A huge monument “cursus”, an ancient ritual site, built around the same time as Stonehenge, has been discovered on the Scottish island of Arran.
The ruins of Kors, constructed during the Neolithic period (4000 BC to 2500 BC) are long, rectangular enclosures of earthwork, meaning that they are built by modifying the earth. Tall enclosures were often marked by wooden poles and were used in ceremonial processions, perhaps to honor the dead or ancestor worship. During some of those ceremonies, the old people would burn poles of wood, According to The ScotsmanThat reported the results for the first time.
Site explorer Dave Cowley, director of the Archaeological Express Program at Historic Environment Scotland, told The Scotsman that the special memorial, which remained in the shape of two parallel mounds, had wooden elements incorporated into it. Whether or not it was set on fire, we don’t know at the moment.
Cowley and his team first discovered the site of the monument in 2017 while they were conducting aerial surveys of the Scottish island using a technology called light detection and rangefinding (lidar), which detects hidden structures by striking the ground with a laser and measuring the light that reflects back. . Lidar revealed two roughly parallel lines spanning about 0.68 miles (1.1 km) and the distance was between 98 and 131 feet (30 and 40 meters).
The team conducted field visits to the Korsos monument between late 2017 and 2019. Those visits on foot did not reveal much: “Both banks are slight in nature and barely visible on the ground,” the team wrote in The field notes were posted online.
Although the structure is tall, the individual hills inside are only about 10.8 feet (3.3 m) thick and about 1 foot (0.3 m) high. “They appear discontinuous, and consist of dirt or grass with very little visible stones,” the team wrote. But “it is impossible to say” whether the structure was designed with joints in the ridges or whether it appeared over the years as a result of natural processes. However, the researchers do not believe the rectangular structure has a roof.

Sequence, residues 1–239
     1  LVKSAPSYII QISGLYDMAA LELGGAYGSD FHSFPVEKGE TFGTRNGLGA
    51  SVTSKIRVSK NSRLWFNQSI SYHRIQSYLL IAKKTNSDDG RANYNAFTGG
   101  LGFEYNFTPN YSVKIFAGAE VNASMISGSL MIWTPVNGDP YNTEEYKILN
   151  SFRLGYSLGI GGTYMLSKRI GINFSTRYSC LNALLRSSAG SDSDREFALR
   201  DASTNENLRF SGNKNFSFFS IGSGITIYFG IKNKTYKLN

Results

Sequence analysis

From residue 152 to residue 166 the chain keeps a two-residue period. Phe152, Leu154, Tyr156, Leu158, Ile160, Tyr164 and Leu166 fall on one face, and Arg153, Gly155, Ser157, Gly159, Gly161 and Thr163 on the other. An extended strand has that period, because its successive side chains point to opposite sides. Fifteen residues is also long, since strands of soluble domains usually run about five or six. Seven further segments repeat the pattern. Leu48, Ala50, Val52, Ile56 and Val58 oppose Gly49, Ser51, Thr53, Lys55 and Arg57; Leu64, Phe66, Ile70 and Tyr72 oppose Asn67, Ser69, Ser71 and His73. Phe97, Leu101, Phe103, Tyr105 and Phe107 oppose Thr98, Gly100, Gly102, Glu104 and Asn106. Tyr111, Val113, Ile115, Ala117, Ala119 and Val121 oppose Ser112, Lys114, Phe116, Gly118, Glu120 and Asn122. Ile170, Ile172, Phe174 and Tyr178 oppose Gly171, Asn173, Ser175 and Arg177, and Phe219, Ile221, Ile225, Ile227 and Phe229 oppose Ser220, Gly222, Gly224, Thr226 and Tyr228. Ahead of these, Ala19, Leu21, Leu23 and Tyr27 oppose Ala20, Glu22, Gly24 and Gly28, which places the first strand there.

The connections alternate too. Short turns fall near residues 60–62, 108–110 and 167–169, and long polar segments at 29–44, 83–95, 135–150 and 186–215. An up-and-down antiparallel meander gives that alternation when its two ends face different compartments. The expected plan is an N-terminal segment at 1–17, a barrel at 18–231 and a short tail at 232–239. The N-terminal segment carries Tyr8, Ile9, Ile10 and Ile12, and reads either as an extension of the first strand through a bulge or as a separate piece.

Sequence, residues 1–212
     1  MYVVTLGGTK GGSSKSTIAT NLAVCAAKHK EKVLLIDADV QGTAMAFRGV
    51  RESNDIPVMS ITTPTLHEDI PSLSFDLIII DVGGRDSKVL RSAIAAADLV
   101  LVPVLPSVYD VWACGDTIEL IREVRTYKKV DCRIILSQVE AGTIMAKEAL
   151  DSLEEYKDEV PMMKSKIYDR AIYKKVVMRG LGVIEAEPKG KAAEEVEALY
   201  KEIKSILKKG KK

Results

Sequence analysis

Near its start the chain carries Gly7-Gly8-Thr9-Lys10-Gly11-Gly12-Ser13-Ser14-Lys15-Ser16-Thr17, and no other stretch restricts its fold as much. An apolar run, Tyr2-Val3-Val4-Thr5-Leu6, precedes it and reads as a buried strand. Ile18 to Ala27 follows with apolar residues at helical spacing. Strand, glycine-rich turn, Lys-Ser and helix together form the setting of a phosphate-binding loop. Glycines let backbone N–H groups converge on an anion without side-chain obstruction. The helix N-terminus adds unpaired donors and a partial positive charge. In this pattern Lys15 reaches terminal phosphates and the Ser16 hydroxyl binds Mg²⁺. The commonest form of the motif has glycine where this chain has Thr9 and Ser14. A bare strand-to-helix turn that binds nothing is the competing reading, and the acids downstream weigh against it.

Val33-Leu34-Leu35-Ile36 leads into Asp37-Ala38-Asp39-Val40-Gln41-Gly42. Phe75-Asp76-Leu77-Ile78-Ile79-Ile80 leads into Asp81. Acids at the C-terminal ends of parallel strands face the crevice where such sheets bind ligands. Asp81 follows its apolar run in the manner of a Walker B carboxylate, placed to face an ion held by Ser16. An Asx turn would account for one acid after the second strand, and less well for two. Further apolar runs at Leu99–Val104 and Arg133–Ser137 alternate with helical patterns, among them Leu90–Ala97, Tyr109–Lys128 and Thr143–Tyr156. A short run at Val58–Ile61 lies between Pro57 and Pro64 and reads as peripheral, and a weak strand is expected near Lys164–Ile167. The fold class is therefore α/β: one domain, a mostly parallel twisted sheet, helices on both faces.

While approximately 70 of these monuments are found throughout Scotland, most of them are on the east coast, this is the only one found on the Isle of Aran. Therefore, Cowley told Live Science in an email: “It is probably the focus of the communities scattered across the island.” There are still other types of Neolithic relics unearthed on the island. This is an interesting addition to the Neolithic Antiquities ‘Collection’ at Aran, and indicates that there may be more of these monuments to be discovered on the West Coast.
The hull can also be part of something bigger.
“There might be other buried landmarks that we can’t see on the surface,” Cowley said. “Very few archaeological sites have been excavated in Scotland, and whether this will depend on research and funding questions.”
Originally published on Live Science.